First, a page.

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Choose a novel or play and discuss the role of insanity in it.
In Shakespeare’s Titus Andronicus, Titus Andronicus displays characteristics of insanity after characters plot to overthrow him. At first, the reader sees Titus mourning his sons that were killed in battle and describes his sadness by saying, “there greet in silence, as the dead are wont, and sleep in peace, slain in your country’s wars. O sacred receptacle of my joys, sweet cell of virtue and nobility” (Titus Andronicus 1.1.90-94). Titus also appears to show signs of horror when he sees that his daughter Lavinia has her hands chopped off and raped by Demetrius and Chiron, Tamora’s sons. He says, “give me a sword, I’ll chop off my hands too” (3.1.72). This intimacy and compassion does not reflect Titus’ urges for power and honor, and his eventual decline to insanity. Titus thrives on power and honor as the King of Rome.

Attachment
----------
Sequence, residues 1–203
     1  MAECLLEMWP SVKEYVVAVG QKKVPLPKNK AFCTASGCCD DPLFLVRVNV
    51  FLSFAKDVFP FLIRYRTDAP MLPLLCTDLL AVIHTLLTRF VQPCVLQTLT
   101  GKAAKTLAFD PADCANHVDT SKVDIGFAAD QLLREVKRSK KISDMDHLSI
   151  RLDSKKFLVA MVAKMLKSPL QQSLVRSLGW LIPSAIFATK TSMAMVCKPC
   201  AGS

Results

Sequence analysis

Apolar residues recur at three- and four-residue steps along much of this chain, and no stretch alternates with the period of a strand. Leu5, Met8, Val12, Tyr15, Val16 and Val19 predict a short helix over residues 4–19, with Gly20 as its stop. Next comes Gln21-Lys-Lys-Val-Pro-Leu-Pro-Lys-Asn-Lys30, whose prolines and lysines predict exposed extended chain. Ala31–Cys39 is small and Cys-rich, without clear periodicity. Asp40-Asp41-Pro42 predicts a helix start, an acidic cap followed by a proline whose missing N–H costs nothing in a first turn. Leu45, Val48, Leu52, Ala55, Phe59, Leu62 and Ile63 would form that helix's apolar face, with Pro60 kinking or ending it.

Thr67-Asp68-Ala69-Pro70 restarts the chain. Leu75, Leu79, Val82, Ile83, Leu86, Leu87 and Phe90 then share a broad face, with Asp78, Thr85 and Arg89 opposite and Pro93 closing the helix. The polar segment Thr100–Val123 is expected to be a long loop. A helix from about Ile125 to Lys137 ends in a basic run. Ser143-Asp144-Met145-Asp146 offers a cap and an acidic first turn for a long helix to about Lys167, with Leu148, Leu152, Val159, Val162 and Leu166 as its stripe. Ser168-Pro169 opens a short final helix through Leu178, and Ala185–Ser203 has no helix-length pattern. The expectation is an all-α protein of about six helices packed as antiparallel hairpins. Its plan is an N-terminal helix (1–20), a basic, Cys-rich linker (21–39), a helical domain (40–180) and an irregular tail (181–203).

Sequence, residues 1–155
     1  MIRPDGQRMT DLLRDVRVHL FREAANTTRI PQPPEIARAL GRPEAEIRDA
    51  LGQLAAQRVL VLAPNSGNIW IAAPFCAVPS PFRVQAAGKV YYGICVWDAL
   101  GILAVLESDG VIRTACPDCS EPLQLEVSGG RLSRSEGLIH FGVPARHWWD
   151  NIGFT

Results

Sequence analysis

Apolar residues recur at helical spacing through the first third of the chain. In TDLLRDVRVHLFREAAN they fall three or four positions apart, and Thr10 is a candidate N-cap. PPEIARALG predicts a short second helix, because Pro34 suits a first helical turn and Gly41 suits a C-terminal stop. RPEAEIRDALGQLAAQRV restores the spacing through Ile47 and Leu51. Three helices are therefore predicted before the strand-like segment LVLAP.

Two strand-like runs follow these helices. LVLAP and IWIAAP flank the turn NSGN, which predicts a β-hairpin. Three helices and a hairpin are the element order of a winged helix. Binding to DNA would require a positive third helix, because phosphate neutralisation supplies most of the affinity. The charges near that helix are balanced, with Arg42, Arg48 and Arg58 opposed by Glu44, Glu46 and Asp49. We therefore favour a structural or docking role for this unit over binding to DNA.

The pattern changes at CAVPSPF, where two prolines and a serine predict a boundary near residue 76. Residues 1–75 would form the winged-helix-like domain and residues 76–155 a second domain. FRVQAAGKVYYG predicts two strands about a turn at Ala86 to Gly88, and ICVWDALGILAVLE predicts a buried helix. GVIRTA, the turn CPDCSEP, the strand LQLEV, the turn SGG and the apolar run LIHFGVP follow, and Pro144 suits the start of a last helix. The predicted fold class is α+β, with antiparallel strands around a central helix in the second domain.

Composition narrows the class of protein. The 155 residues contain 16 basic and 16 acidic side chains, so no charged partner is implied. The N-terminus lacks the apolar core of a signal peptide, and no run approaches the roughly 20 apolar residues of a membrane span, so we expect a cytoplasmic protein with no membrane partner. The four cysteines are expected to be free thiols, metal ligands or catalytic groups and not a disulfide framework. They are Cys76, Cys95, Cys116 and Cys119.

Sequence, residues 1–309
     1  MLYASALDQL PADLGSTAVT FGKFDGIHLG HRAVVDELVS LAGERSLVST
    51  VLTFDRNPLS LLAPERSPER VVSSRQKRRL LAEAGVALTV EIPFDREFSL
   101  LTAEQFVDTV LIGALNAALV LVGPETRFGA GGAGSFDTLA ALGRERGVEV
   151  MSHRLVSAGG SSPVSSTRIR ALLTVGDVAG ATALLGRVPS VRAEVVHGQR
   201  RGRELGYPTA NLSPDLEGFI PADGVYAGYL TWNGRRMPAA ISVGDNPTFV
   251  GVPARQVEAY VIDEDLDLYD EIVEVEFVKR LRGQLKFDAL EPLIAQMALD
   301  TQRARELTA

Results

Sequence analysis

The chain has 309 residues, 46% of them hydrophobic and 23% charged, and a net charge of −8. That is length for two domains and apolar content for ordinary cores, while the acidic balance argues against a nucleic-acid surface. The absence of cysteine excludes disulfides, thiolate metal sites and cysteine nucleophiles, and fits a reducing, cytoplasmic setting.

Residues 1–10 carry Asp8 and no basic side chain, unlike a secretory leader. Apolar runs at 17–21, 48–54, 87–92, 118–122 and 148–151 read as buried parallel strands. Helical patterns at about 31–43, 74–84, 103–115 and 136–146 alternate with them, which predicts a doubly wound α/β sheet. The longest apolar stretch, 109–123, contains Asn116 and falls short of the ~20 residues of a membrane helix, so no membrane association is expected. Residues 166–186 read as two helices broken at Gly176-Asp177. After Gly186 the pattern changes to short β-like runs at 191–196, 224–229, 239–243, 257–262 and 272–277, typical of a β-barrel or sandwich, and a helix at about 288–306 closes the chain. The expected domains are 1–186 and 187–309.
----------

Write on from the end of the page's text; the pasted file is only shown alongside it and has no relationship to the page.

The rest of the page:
Shakespeare exaggerates Titus’ masculine control and decline to insanity, when Titus kills his own child. Titus first kills his son Mutius who tried to sneak Lavinia out to marry Bassianus. Titus says, “what, villain boy, Barr’st me my way in Rome?” (1.1.290-291). In this scene, Titus asserts his authority by killing his son, and even calls him a traitor. However, the audience can plainly see that he is becoming insane. What father kills their own child? Titus believing that nobody should disagree or stand in the way of his plans, even his own children, is a true representation of his emotional changes. He also kills Lavinia in his attempt to maintain family honor and put her out of her misery after she has been raped (Plowden 1982). He says, “die, die, Lavinia, and thy shame with thee, and with thy shame thy father’s sorrow die” (5.3.55-56). By killing her, Shakespeare shows how insane Titus has become. Titus thinks he is doing a good deed for her and his honor as well, but his revenge and desire for control resulted in him becoming insane. In short, Titus’ insanity is not representative of proper Elizabethan parental behavior, because he is so violent and destructive, but highlights an overblown response to revenge.
Hulse, S. Clark. Wrestling the Alphabet: Oratory and Action in Titus Andronicus” Criticism 21.2 1979:106-118 Web.
Shakespeare, William, and Eugene M. Waith. Titus Andronicus. Oxford: Oxford University Press, 1984. Print.
Plowden, Alison. Elizabethan England: Life in Age of Adventure. Berkeley Square: The Reader’s Digest Association Limited. 1982. Print.
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